Hernan Saenz, who leads Bain's Global Performance Improvement practice, describes the effect of the fourth industrial revolution on operations and the implications for companies in this new era.
Read the transcript below.
HERNAN SAENZ: One of the key topics we are discussing here at the World Economic Forum in Davos is the impact of the Fourth Industrial Revolution on operations and global supply chains. In short, those trends that define the Fourth Industrial Revolution—massive data, integrated, accessible, real-time by smart tools—will completely transform operations all the way from research and development to the last mile of fulfillment.
We expect operations to change in at least four ways. Number one, supply chains will be visible end to end. This means more opportunities for collaboration with suppliers and customers, as well as more flexibility in responding to changes. Number two, the supply chains will be intelligent. This means we can prototype products, services and processes before launching them. We can use predictive forecasting, planning and maintenance.
Number three, the automation will be smart. There will be machine learning in services and in manufacturing, making those processes better and smarter every time they get used. And finally, number four, we will see the introduction of the next-generation worker of the future: digitally literate, enhanced by virtual reality, augmented reality and wearables, in a world of enhanced productivity and a lot more safety.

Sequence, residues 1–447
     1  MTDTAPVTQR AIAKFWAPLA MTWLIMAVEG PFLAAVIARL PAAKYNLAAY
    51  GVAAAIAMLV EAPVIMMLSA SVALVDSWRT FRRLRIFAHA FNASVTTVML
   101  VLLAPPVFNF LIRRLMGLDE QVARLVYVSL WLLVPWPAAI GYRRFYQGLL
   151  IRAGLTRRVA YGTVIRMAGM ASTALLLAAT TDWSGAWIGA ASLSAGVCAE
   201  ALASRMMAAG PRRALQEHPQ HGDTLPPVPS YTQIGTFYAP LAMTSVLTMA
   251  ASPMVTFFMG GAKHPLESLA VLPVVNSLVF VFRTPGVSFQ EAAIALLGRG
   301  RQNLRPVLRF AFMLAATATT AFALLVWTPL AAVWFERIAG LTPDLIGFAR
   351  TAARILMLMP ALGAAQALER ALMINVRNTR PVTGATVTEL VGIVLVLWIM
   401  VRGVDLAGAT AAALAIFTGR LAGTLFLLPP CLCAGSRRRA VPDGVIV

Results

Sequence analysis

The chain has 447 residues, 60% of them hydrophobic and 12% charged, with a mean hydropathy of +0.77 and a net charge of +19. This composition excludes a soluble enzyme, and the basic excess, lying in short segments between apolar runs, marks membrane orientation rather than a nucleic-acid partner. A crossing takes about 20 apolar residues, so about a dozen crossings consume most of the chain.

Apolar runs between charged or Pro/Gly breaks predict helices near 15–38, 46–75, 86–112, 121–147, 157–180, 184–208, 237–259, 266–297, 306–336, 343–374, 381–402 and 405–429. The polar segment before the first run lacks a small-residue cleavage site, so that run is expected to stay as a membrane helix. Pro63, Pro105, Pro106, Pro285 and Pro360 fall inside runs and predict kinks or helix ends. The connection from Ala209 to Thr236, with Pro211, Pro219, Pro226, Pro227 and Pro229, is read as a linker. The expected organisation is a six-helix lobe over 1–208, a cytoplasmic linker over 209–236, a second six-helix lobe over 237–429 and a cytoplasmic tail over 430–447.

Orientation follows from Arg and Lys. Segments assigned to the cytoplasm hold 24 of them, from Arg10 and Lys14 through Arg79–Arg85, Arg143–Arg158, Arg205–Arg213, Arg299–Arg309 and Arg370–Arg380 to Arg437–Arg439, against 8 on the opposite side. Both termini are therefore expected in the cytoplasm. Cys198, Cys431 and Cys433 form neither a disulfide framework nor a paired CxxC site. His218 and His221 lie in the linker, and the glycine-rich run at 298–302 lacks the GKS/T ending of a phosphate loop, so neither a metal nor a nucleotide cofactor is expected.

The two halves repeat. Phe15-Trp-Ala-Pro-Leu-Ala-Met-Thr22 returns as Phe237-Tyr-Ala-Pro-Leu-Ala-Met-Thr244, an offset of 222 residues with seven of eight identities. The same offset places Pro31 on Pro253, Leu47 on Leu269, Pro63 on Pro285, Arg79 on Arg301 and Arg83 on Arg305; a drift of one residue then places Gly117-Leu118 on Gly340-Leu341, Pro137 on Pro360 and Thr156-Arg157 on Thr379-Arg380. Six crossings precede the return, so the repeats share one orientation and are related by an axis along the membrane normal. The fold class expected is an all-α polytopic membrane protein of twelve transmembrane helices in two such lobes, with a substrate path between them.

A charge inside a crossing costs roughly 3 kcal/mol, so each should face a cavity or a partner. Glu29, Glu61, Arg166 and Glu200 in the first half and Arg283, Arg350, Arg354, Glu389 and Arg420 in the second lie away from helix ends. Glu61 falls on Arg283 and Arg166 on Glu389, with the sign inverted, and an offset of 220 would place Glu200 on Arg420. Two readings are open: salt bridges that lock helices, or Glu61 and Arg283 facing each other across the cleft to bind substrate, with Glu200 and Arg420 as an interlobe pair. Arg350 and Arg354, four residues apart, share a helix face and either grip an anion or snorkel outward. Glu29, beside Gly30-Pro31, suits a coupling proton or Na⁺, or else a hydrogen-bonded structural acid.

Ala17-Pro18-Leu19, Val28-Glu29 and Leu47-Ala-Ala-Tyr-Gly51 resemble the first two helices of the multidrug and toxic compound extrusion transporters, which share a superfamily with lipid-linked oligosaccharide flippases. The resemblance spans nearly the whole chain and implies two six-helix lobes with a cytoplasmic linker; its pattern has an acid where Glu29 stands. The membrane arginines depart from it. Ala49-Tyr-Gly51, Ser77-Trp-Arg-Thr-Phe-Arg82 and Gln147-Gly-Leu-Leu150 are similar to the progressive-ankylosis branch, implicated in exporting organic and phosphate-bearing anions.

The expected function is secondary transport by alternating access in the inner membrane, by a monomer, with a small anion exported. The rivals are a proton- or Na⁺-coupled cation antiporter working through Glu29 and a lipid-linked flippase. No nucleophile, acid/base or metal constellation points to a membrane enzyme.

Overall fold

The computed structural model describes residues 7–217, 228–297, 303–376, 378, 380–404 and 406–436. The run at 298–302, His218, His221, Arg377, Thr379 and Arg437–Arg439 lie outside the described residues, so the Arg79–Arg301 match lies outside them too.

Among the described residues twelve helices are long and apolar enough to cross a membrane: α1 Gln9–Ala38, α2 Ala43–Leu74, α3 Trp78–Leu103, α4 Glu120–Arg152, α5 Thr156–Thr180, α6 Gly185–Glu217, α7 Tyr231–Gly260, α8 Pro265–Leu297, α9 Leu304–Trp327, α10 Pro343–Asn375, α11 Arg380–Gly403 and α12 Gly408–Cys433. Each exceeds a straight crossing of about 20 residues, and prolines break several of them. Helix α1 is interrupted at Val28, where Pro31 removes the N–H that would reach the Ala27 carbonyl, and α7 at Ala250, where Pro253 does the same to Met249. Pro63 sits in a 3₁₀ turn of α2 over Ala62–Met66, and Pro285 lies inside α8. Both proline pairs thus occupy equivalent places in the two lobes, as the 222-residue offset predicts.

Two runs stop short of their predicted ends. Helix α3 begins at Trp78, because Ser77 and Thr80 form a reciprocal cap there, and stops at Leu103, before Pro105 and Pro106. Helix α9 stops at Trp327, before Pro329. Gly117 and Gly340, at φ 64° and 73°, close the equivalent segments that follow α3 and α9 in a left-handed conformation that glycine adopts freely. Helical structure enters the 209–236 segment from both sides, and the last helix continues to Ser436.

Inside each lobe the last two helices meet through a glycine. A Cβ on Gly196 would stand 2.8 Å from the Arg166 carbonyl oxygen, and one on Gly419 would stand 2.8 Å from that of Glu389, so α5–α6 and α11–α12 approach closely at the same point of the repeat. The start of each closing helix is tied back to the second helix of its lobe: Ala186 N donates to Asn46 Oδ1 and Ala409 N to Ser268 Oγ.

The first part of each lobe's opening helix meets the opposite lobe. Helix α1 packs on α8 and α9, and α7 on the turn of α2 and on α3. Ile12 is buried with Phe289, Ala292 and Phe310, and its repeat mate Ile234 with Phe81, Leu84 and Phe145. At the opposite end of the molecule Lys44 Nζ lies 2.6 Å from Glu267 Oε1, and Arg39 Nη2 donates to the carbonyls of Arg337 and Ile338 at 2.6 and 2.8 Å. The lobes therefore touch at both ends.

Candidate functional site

There will be three major implications for companies. The first one is that the lines between strategy and operations will blur. Operations is no longer the last mile of fulfillment. It starts at the beginning, opening up the possibilities for strategy. Second, the era of continuous improvement for lowest costs is gone. It is now the era of flexibility, resilience and customization. And finally, it's no longer four walls, it's ecosystems, and the ability to partner will be the source of competitive advantage.
Bain Partner Hernan Saenz discusses his observations at the beginning of the World Economic Forum's annual meeting in Davos.
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